RE: secret of great acting. Simple: show up and show up on time. Also, look for the author in the story. The author exists right behind the characters and once you see him or her manipulating everything, feel the author's presence behind the theme / concept, you'll be closer to the essence that makes the story work. The director will hopefully see and understand the writer's big and small and microscopic themes and ideas to prod you along. Many times I know exactly how I want dialogue to read/sound and indicators are many times already subtexted in previous scenes or chapters or in actor-flexible dialogue tagging. Closely reading the written words for all characters will allow an actor to listen and pick up your emoting tempos and dynamics. You are not speaking, talking or singing... you are always emoting. I build characters as if they were gears in a precision watch. Some are bigger gears, some have more tension, some preform as the hands of the watch, but all have a function— to move the conflict in a precise manner towards a conclusion. The micro-seconds, in between the gear's movements, can be further divided and that is where actor's instincts for creativity, improvisation and genius can really move words and actions into the meaningful portrayal of visual or spoken emotions. Example from my current novel: "Good morning, Robert. Did you sleep well?" Gina asks, her beautiful brown eyes envisioned distinctly in my morning-foggy mind, probing deep into my guilt over last night's failed marriage proposal with her sister. "Yes, I slept well." I hadn’t. "Merry Christmas," I say, swinging up out of the bed, pushing the mosquito netting aside and remembering the gifts given to her family. "Neither Aya, myself, nor any of our family are Christians," Gina says, a bit huffy, making sure to include Aya in the conversation. "Gina, I know, I know... Look, I got to thinking: Aya's just too young, I'm just too old. A fifty-six year old man, a twenty-two year woman... You know what I'm saying? Just wont be fair to her in the long run." "Robert Rubio, now you best listen to me! Twenty-two not, not old for Thai girl! Aya think of you as her good man, she ne'va think about your age," Gina scolds me, her perfect hotel English decaying in pidgin pronunciations. .... These character are not just speaking, every word and action has an emotion behind it and an actor must emote it. An actor's jobs is to bring it alive. What is the pov? Where is the author? Oh Christ, look at the time. I gotta get back to writing...
Is it 'timing' Kenan?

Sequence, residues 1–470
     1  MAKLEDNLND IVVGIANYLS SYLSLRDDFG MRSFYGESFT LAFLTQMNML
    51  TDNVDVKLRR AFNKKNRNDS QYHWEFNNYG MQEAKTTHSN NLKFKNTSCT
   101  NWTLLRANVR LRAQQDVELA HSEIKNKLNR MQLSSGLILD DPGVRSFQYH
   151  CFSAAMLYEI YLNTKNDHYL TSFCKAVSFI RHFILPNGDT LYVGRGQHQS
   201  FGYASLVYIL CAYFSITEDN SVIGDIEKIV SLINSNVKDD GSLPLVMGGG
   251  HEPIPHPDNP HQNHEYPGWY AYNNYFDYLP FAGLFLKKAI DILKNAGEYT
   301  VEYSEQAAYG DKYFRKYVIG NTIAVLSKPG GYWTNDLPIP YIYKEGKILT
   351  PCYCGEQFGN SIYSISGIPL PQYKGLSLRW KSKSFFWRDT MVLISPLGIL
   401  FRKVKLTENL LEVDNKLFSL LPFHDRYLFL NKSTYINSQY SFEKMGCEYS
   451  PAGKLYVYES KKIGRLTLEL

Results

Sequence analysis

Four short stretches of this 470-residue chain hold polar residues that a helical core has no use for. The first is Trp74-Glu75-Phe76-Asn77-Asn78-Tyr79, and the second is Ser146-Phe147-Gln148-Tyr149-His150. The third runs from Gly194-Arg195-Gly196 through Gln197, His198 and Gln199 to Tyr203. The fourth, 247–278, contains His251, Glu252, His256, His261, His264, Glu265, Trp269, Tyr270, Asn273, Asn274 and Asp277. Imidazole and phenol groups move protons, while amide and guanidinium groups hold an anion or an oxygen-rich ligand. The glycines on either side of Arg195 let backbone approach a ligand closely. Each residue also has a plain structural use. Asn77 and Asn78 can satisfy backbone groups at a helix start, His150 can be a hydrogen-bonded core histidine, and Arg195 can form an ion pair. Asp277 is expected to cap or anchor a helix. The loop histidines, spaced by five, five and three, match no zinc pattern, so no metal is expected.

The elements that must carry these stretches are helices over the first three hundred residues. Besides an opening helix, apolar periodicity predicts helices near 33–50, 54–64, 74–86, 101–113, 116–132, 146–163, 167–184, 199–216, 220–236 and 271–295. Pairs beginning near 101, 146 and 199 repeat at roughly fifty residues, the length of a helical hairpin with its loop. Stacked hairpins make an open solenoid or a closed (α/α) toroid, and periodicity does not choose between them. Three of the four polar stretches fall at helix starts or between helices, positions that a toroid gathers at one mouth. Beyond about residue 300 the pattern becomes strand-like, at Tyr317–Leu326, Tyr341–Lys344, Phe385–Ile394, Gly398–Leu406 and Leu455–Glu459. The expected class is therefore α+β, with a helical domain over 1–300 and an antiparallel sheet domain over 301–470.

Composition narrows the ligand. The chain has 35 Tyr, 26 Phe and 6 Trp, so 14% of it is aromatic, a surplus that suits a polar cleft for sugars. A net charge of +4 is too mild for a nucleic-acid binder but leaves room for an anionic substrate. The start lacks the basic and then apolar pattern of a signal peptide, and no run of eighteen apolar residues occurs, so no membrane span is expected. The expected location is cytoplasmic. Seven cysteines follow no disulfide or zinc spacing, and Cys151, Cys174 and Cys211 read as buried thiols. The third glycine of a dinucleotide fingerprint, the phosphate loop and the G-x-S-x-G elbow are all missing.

My acting teacher William Hickey (who played the Godfather in "Prizzi's Honor") at HB Studios in NYC told us the secret to great acting is in the wishes...knowing the wishes (objectives) of your character and staying in the moment...remember your character never read the play or screenplay so he or she does not know the ending.
Good points, Muriel! I think it can sometimes be even more challenging than realizing your character does not know the ending, because in film, of course, many scenes may be shot out of sequence ... so you may have to play your character as if he or she does not even realize that he's going to experience what he went through when you played him or her yesterday!
Great point....actually a perfect point for me to mention to my actors in my webseries since we shot the ending before the middle due to an actors scheduling problems and I knew I could write around the character but that character had to be there in the end....and now we are about to shoot what came right before the ending......glad you phrased it exactly the way I needed to hear it.
Living truthful under an imaginary given circumstance
Ah no. My mistake. That's the secret of good comedy. ;)
I totally agree with Max...yes - show up and show up on time......and do the PR stuff......and just be fun and pleasant to work with.....and if you are having a problem on set tell someone and ask for advice...don't hold it in until you act out by being late or not showing up.
Funny - Len....and I totally agree with you Chris.
You are cooking Trinidad......right on the money.
I think McQueen was a great actor who played roles that made a heap of money rather than Academy Awards...similar for Paul Newman.
I love this thread. I've read everyone's comments!
I feel that the secret of great acting is stepping out of oneself and BECOMING the character. I further believe that facial expressions and body language are essential to creating the desired reaction from an audience. Also, it goes without saying, but a good director can really bring out the best in an actor.